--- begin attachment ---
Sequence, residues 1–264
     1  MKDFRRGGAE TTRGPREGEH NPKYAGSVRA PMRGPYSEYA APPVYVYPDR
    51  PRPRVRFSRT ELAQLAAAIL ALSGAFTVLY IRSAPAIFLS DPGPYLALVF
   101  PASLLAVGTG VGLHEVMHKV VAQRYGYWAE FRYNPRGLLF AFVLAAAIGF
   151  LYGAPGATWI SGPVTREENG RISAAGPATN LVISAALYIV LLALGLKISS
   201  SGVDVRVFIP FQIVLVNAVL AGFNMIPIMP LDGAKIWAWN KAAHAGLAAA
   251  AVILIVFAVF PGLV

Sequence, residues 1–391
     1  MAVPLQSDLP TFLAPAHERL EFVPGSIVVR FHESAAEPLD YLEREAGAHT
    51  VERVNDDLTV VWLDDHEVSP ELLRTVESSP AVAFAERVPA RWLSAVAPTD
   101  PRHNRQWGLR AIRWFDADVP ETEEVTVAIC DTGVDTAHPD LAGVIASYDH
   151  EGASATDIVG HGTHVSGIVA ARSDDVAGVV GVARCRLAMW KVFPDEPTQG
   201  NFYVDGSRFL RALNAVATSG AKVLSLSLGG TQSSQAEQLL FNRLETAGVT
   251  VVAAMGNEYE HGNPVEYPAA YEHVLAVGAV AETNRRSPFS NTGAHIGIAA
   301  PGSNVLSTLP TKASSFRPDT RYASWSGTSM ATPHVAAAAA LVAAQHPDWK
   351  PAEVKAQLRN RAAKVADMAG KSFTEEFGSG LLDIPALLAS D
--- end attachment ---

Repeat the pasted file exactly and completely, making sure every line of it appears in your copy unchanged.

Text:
Sequence, residues 1–264
     1  MKDFRRGGAE TTRGPREGEH NPKYAGSVRA PMRGPYSEYA APPVYVYPDR
    51  PRPRVRFSRT ELAQLAAAIL ALSGAFTVLY IRSAPAIFLS DPGPYLALVF
   101  PASLLAVGTG VGLHEVMHKV VAQRYGYWAE FRYNPRGLLF AFVLAAAIGF
   151  LYGAPGATWI SGPVTREENG RISAAGPATN LVISAALYIV LLALGLKISS
   201  SGVDVRVFIP FQIVLVNAVL AGFNMIPIMP LDGAKIWAWN KAAHAGLAAA
   251  AVILIVFAVF PGLV

Sequence, residues 1–391
     1  MAVPLQSDLP TFLAPAHERL EFVPGSIVVR FHESAAEPLD YLEREAGAHT
    51  VERVNDDLTV VWLDDHEVSP ELLRTVESSP AVAFAERVPA RWLSAVAPTD
   101  PRHNRQWGLR AIRWFDADVP ETEEVTVAIC DTGVDTAHPD LAGVIASYDH
   151  EGASATDIVG HGTHVSGIVA ARSDDVAGVV GVARCRLAMW KVFPDEPTQG
   201  NFYVDGSRFL RALNAVATSG AKVLSLSLGG TQSSQAEQLL FNRLETAGVT
   251  VVAAMGNEYE HGNPVEYPAA YEHVLAVGAV AETNRRSPFS NTGAHIGIAA
   301  PGSNVLSTLP TKASSFRPDT RYASWSGTSM ATPHVAAAAA LVAAQHPDWK
   351  PAEVKAQLRN RAAKVADMAG KSFTEEFGSG LLDIPALLAS D